Seeking Alpha
Profile| Send Message|
( followers)  

Discovery Communications (NASDAQ:DISCA), which owns over 100 television networks in 35 languages, has soared ever higher since being added to the S&P 500 about a month and a half ago. The stock has touched another all-time high price as of Wednesday morning on continued positive momentum. However, as you can see from our historical ratings chart, we continue to view DISCA as Undervalued at the current price level. According to our methodology, the stock has improved fundamentally so strongly that the price appreciation is not yet concerning.

Discovery is relatively young as a public stock after being spun out from Liberty Media (LCAPA) in 2006, but they have an attractive, established set of networks that include Discovery Channel, The Learning Channel, AnimalDISCA Planet and many other networks with mostly family friendly programming. These channels have steady ratings and strong programming with many devoted viewers.

There is fresh excitement surrounding DISCA’s partnership with media mogul Oprah on the upcoming Oprah Winfrey Network, which has been in the works since January 2008 but is due to launch Jan 1, 2011. In a recent preview of what a 24-hour Oprah-focused network would show, in addition to about a dozen new shows, Ms. Winfrey revealed she will be in front of the camera for “Oprah’s Next Chapter” two to three times a week. Oprah will begin her new show on her own network shortly leaving her regular daytime talk show format late in 2011, and the kind of viewership and following that Oprah has the potential to draw is very exciting for Discovery, particularly in some very sought after advertising demographics.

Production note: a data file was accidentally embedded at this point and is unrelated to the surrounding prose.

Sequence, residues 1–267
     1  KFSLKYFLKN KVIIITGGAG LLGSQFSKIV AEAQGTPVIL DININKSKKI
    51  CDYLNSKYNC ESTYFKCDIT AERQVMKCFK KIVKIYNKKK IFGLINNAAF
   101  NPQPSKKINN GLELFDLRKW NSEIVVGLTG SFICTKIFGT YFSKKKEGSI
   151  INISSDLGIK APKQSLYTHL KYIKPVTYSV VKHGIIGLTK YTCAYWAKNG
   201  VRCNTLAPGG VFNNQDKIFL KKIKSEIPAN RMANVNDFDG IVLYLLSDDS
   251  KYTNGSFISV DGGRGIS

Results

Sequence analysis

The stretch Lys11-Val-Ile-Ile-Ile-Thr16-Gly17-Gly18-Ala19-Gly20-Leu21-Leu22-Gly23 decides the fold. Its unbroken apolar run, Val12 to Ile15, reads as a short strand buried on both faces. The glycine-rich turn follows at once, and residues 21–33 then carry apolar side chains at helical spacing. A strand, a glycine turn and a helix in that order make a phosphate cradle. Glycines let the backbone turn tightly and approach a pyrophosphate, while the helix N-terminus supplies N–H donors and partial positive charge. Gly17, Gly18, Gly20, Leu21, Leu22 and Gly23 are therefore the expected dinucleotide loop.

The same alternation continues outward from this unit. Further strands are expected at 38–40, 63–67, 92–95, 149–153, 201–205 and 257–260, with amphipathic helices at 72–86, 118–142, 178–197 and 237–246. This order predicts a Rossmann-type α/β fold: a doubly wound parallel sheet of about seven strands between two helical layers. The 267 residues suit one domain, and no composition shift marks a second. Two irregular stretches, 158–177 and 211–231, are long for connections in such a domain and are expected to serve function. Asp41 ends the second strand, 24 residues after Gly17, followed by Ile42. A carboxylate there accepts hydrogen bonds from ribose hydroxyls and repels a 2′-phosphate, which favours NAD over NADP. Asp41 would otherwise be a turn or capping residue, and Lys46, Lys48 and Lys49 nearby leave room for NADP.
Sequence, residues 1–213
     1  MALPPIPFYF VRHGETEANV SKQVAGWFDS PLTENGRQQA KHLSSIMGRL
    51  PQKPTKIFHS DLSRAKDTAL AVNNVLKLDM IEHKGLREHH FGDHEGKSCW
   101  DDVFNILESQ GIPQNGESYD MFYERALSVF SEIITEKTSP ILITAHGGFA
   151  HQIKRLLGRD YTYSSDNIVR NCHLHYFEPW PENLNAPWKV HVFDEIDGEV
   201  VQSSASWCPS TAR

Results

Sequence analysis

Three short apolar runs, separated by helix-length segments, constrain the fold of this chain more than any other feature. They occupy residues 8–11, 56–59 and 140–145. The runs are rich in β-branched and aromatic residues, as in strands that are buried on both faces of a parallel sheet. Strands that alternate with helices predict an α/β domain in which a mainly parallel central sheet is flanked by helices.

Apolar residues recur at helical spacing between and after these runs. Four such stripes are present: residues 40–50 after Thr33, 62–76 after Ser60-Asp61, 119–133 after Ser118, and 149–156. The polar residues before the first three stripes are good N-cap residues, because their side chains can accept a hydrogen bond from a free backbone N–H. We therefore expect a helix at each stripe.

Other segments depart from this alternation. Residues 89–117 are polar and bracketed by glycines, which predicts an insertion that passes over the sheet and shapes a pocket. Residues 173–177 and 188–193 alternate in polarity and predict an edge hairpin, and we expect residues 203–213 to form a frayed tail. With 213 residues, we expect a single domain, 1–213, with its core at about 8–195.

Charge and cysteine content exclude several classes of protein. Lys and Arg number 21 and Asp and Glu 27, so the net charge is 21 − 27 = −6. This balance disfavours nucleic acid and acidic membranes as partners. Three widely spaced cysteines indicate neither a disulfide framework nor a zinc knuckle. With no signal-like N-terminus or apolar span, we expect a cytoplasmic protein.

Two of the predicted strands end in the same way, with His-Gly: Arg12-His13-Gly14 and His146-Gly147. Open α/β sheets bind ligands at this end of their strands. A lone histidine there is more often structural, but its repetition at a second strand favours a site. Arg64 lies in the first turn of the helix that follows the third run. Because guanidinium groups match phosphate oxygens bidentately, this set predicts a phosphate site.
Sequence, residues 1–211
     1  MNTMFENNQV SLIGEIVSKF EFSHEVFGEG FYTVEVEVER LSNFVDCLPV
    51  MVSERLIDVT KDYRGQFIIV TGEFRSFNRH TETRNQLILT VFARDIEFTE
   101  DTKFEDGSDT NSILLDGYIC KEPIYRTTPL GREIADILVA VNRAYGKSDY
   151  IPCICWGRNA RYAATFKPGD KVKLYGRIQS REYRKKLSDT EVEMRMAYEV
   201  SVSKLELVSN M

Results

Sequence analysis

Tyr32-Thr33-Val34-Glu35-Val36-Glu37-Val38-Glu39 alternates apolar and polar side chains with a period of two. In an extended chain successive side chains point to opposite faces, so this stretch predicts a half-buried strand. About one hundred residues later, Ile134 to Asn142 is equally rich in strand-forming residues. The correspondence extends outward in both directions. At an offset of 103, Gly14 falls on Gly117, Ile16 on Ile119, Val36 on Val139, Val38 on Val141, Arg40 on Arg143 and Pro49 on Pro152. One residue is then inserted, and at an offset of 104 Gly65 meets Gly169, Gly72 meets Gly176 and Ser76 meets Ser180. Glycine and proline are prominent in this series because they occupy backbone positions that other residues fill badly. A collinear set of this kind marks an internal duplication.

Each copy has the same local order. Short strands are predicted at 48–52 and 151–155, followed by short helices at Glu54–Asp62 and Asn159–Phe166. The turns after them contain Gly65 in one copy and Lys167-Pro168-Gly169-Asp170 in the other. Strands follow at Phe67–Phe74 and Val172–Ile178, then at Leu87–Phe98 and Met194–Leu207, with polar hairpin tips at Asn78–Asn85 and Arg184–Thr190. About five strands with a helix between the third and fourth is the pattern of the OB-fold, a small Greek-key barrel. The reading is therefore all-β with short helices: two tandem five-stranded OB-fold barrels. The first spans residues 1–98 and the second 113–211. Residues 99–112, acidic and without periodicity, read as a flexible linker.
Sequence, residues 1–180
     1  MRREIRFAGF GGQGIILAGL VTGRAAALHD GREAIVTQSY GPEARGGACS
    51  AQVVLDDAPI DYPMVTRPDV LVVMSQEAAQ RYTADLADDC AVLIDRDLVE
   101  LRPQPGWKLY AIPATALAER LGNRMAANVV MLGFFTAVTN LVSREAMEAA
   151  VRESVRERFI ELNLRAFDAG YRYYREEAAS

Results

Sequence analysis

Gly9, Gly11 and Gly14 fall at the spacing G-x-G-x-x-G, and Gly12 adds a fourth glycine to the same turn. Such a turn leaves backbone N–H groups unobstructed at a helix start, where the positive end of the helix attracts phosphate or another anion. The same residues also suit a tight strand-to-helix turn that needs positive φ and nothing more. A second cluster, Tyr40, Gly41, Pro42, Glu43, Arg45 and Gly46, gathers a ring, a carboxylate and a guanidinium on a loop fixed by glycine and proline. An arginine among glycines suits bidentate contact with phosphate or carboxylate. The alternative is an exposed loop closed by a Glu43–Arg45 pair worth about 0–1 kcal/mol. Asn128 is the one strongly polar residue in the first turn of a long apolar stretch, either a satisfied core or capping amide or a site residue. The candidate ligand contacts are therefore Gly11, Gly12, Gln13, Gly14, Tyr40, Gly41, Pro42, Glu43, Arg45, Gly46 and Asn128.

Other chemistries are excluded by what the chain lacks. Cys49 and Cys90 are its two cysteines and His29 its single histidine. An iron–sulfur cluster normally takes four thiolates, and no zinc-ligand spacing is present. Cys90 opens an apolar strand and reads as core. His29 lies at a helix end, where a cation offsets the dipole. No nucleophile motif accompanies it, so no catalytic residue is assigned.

The potential of Oprah’s new network is certainly exciting, but we think Discovery’s current fundamentals are sufficient to draw interest from investors. The company grew earnings per share by more than 50% last year climbing to $1.30 from $.85 the year before, and current estimates for this year call for further earnings growth. Wall Street expected fiscal 2010 EPS of $1.51 to $1.76 per share, which implies growth this year of anywhere from 16% to 35%. Of course, we will know more about their results when DISCA reports 1Q earnings on April 30th, but we expect strong profit growth through this year and beyond.

Based on our valuation methodology, the market has just begun to see the potential in Discovery Communications. For example, since its spinoff from Liberty Media, the market has historically given shares of DISCA a multiple of cash earnings of between 18.4x and 32.4x, but even at its all time high price the current price-to-cash earnings is only 14.1x. Furthermore, the current price-to-sales of 2.76x is below the historically normal price-to-sales range of 3.12x to 5.77x. If the market were to value DISCA’s cash earnings and sales more in-line with its historical norms, we would expect to see the stock rise into the mid-$40’s per share and possible even above $50 before we would start to look more negatively on the valuation.

Jim Cramer covered this stock on Mad Money Tuesday night after a caller asked about them and how the addition of Oprah could affect the stock. To which Cramer responded,

“This is a winning stock. You’re a winner and Discover’s a winner, and so is David Zaslav. Discovery’s got all those programs. It’s not just the meerkats anymore. There’s a lot of good stuff. Every time you put it on they’ve got the stuff, you can watch the DVDs a million times. This is the only station you can watch with your kids…Oprah or no Oprah, I don’t care. This stock rocks!” – CNBC’s Mad Money 4/20/2010

We are anxious to hear the company’s results on April 30th, but barring something unforeseen the stock appears headed to more new all time highs. Their networks are performing well and advertising dollars are returning along with consumer spending and consumer confidence, thanks to general macroeconomic improvement. Discovery has climbed well already, but we see no reason to think that this stock cannot go even higher.

Original post

Source: Has Discovery Peaked? Not by a Long Shot